A wife-beater athletic shirt and a pair of tighty-whities.
Mazie Maguire, cross-dressing convicted murderess.
Labeck's dirty clothes, neatly hung on the floor, rang. He picked yesterday's jeans up, pulled out a cellphone, listened. "Yeah, I saw the Mazie-mania thing. Yeah, uh-huh, unbelievable. I'll have the truck back by noon."
He turned and faced me. He folded his arms across his chest. "I didn't sleep much last night. I kept thinking about that nanny cam. Something about the whole thing stinks. So here's the deal. You've got two hours to convince me you didn't kill your husband. After that you're on your own. Go find your precious Brenner, who'll turn you over to the cops faster than he can pocket a bribe. And if you tell the cops I helped you-"
"I'm not a rat." If prison teaches you anything, it's to keep your trap shut.
"Good. Get dressed."
"Not in front of you, perv."
"Honor system. We turn our backs."
Hah! Prison doesn't give you much respect for the honor system. But since I didn't have a lot of choice, I turned around. Then whipped around again to make sure Labeck was keeping his part of the deal. He was. Which was actually kind of ego-deflating.
"So you're saying the woman in the video wasn't you?" Labeck said.
"No. It looks like me from the back, but the face isn't visible because of the way the camera is angled." I took off the pajama top and pulled on Labeck's undershirt. No digging straps, no jabbing underwires, just soft, ribbed cotton. Men had it so good.
"I want to see that video. Not the c.r.a.p version that floated around the Web. What happened to the actual nanny tape?"
I thought for a moment. Did my lawyer have it? No-it hadn't been a defense item; it had been the DA's slam dunk. Maybe I could call the district attorney's office. Yeah, that would work. Come on down, Mazie-we'll hold the tape until you get here, heh, heh.
I pulled on the men's briefs. They felt weird-bulky and with flaps where I didn't need venting. "I think my mother-in-law must have the original tape," I said. "She made the prosecutors give back all Kip's personal items, even the b.l.o.o.d.y clothes and stuff."
"That's kind of-"
"Freaky? Macabre? Vanessa probably saved Kip's nail clippings and nose pickings. He was her baby, her reason for existence."
"What if you phoned her, asked if she had the tape?"
I shuddered. "I think Vanessa can send death rays over the phone wires. She kept sending me poisoned cookies when I was in prison."
Labeck was silent for a moment, apparently trying to decide whether I was serious. Then he said, "Sounds like that woman is knitting with only one needle."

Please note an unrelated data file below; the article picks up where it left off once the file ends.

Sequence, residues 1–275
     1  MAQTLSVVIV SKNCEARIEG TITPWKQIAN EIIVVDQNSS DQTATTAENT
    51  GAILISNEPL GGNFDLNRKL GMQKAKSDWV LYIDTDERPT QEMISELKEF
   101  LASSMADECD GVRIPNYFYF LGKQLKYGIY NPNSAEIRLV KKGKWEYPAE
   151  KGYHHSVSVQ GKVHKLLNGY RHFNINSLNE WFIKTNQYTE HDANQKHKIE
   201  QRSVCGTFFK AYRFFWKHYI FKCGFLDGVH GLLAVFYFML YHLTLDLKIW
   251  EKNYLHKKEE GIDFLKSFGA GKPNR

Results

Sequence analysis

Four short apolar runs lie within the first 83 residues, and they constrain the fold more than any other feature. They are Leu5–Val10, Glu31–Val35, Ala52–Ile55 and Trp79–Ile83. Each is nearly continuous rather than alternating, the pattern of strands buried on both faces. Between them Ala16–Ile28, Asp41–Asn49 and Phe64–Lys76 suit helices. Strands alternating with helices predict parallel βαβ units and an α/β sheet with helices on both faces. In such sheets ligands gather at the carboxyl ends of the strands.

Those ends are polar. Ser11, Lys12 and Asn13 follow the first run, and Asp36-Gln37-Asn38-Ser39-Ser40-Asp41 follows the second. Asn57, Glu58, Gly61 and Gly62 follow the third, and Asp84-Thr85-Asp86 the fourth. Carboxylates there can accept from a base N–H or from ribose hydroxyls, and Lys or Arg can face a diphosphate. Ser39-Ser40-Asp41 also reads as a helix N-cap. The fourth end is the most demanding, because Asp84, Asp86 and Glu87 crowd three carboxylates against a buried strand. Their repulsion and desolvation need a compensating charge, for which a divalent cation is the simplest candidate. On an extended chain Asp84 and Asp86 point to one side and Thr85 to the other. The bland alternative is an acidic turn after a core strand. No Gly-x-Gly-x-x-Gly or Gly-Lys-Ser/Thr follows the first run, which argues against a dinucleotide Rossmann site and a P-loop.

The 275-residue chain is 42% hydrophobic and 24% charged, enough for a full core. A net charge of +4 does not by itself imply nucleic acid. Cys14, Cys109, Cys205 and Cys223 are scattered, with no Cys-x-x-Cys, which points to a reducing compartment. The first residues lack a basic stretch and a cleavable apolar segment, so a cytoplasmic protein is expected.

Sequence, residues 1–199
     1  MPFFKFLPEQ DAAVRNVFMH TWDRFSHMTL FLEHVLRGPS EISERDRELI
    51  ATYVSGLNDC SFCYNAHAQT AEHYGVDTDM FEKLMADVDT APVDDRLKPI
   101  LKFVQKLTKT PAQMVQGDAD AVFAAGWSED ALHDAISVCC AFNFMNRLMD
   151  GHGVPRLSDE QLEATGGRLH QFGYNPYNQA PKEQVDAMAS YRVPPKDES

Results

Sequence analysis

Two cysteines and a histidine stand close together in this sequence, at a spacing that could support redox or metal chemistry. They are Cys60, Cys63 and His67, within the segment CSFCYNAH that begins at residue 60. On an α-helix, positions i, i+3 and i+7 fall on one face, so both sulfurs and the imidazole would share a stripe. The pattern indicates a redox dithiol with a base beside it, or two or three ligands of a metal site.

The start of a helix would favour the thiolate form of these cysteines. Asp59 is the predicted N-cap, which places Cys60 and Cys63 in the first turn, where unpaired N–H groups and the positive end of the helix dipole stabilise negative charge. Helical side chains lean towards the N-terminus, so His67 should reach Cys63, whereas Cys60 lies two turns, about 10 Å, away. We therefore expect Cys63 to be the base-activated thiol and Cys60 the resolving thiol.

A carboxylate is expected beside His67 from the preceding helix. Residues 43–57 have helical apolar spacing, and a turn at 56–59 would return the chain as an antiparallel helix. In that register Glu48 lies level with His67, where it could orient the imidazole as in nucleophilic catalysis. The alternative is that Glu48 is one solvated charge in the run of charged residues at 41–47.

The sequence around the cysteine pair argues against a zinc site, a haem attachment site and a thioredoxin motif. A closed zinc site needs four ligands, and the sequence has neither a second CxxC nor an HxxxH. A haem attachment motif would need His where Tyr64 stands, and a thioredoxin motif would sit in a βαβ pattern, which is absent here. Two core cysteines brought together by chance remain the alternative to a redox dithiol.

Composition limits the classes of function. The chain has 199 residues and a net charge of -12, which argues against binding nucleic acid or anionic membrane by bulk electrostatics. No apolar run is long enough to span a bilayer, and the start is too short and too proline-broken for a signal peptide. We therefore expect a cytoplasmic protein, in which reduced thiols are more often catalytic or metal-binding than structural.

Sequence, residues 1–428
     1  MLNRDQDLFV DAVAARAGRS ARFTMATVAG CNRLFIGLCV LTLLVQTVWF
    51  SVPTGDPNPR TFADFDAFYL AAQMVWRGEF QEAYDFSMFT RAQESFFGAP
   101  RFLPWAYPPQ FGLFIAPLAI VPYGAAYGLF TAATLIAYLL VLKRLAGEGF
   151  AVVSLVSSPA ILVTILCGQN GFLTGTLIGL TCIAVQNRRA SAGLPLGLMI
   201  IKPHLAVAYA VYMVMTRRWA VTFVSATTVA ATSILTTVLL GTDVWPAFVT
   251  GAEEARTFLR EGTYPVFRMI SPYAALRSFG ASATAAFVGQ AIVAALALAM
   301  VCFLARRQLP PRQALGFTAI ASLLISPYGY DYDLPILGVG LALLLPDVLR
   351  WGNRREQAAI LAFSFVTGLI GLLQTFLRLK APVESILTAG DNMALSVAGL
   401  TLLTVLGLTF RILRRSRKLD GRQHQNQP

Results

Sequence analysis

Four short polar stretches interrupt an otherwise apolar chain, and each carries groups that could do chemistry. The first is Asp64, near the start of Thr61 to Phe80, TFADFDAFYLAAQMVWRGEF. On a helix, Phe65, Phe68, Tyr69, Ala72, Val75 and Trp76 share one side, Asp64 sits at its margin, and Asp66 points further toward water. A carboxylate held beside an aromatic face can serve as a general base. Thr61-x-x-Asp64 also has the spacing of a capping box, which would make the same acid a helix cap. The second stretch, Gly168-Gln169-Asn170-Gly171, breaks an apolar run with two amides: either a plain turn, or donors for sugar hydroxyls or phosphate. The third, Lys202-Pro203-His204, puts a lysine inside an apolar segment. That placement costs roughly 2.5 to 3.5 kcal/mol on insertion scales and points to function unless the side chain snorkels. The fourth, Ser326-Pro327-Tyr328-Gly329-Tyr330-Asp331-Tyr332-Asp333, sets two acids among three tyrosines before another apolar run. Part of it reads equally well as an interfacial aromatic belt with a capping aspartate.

Probably another old Canadian expression, I thought, adjusting the waistband of the briefs. If Vanessa had a knitting needle, she'd jab it in my eyeball.
"What if we show up on her doorstep? Where does she live?"
"On Lake Sh.o.r.e Drive. But there's no way anyone can get in that house. Her security system is better than Taycheedah's."
"Who else lives there?"
"Her housekeeper, Purvis Jackson. And a pack of dogs."
"Little runty dogs like furry piranhas."
"Hmm. This sounds like a job for the cable guys." He went to his closet, rummaged around in some cardboard boxes, then tossed me a navy twill shirt and matching pants.
I examined them. The shirt was a large, the pants were a medium, and they were wrinkled as elephant skin. The name Ben was embroidered in red thread on the shirt's flap pocket. "Who's Ben?"
"I moonlighted for a janitorial service a few years ago. That was my uniform."
So his name was Ben? I pulled on the pants and shirt. I rolled up the pants legs and shirt cuffs by a couple of miles and studied myself in the dresser mirror. The clothes looked like they'd fallen out of the sky and onto my body by mistake, but the excess shirt fabric camouflaged my b.u.mpy parts.
Labeck studied me, c.o.c.king his head. "Still needs something."
Foraging around in the closet again, he found a brimmed cap with a logo that was a cross between the Starbucks mermaid and the U.S. Mail eagle. ABCO Systems, it read, a name so generic it could have referred to a garbage pickup service or a search engine.
I poked through a desk organizer atop Labeck's dresser, fished out a rubber band, and used it to knot my hair into a ponytail, which I crammed under the cap.
"Practice walking," Labeck said.
Heaving an exasperated sigh, I walked across the bedroom to the window and back.
"You walk like a girl."
"Well, excuse me."
"Ram your hands in your pockets. Come down harder on your heels."
I tried it. I felt like a clodhopper. "How's this?"
"You look like a girl pretending to be a guy. Kind of bend your knees."
I tried to think like a guy. Did guys think? Maybe I ought to let my arms swing down to my knees? Scratch my crotch?
"Okay, that was amazingly awful," Labeck said. "Try sitting."
Tossing a stack of newspapers off the only chair in the room, I sat.
"For G.o.d's sake, don't cross your legs!"
I uncrossed them.
"Spread your legs."
I aimed an evil look at him.
Pink washed across his cheeks. "I mean, guys sit with their knees apart."
Widening my knees, I leaned forward. It made me feel a.s.sertive.
"I'm taking up enough s.p.a.ce for two people."
"That's the way guys think. This is my area. Get the h.e.l.l out of my way."
I stood up. I hulked across the room, remembering to bend my knees and come down hard on my heels.
Labeck closed his eyes and shook his head as though what he'd seen was painful. "It'll have to do. You've at least achieved Ru Paul."